Posts Tagged 'allison ginsburg'

Happy 13th Birthday, Maya!

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Recently, the Dolphin Discovery staff has been very busy celebrating and continuing to commemorate a few birthdays among our dolphin family!

The first of our birthdays was celebrated by Spirit, who turned 13-years-old on April 13th. Spirit’s eyes are larger and darker in color. You can also recognize her by her crooked teeth in the lower right side of rostrum.

Spirit loves to learn new things and is very vocal and chatty. She is often seen sliding up on the decks in a game that she invented along with a few of the others!

spirit - national aquarium dolphin

Today, exactly one month later, Spirit’s half-sister Maya is celebrating her 13th birthday!

maya

Maya is playful, energetic and loves to learn new things. She is lighter in color, with a light-tipped rostrum and a very pink belly!

Maya tends to be a cheerleader of sorts for our other dolphins and she always vocalizes excitedly when the others exhibit new behaviors!

Can’t celebrate Maya’s birthday in person today? Leave her a message on our Facebook page

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Happy Birthday, Chesapeake!

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Today we’re celebrating the 22nd birthday of Chesapeake, the first dolphin to be born here at the National Aquarium!

Chesapeake dolphin national aquarium

Chesapeake, affectionately nicknamed Chessie by our Marine Mammal team, was named in honor of the Chesapeake Bay. She is mother to our youngest dolphin, five-year-old Bayley.

Chessie is easy to identify as she is smaller in size, has a short rostrum or bottlenose and is usually paired swimming with her daughter!

bayley

Chessie is an energetic and playful animal. She loves to learn new things and interact with our Marine Mammal staff!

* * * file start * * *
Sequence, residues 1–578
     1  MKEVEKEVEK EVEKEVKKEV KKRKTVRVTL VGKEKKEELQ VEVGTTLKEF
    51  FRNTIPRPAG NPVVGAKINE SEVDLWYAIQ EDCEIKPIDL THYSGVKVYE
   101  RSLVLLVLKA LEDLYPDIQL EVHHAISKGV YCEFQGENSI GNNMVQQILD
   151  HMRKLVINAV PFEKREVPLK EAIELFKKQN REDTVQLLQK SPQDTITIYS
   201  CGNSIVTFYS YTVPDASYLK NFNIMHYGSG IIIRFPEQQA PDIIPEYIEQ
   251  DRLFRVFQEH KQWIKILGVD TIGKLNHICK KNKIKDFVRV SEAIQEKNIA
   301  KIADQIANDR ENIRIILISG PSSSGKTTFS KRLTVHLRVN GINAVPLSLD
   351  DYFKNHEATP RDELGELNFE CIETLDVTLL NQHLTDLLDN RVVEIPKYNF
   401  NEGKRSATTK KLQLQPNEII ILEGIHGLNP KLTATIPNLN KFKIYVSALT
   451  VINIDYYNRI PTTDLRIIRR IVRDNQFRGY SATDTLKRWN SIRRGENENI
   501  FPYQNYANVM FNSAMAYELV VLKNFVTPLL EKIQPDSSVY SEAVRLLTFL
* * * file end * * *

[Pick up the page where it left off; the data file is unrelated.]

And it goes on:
Join me in wishing Chesapeake a very happy birthday!

allison ginsburg national aquarium marine mammal expert

How to Train Your [Insert Subject Here]

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We have all been there…contemplating how to change a behavior you don’t like in yourself or another subject. It can manifest in many ways – How do I get my dog to stop pulling on his leash? My husband to stop leaving coffee cups around the house (true story for me)? My kids to clean up their rooms? It can also be a positive behavior you want them to keep doing, such as colleagues keeping the workplace clean and organized.

Whether you are trying to decrease an unwanted behavior or increase behavior you want to see more frequently, it can all be achieved (or conditioned) the same way.

Here at the National Aquarium, and in most marine mammal facilities across the country, we use a method of training known as “operant conditioning” or positive reinforcement training.  Simply defined, this means that behavior is likely to increase or decrease in frequency based on the consequences that follow.

Chesapeake

Think about the last time you did something and what followed; if you experienced a positive outcome, you are probably more likely to do that specific something again. However, if the outcome was negative, then most likely it is not something you would want to repeat.

We use the same training technique with our dolphins. When a dolphin does a behavior correctly, we blow a whistle that basically says “good,” and then we follow it up with reinforcement. Reinforcement for the dolphins can be fish, enrichment, toys or tactile rubs.  If the behavior is incorrect, then we simply do nothing. We can choose to ask again or simply move on to something else. By not giving a reaction, we communicate to the animal that the particular behavior requested was not correct, but they still have the opportunity to earn reinforcement so the session does not become negative.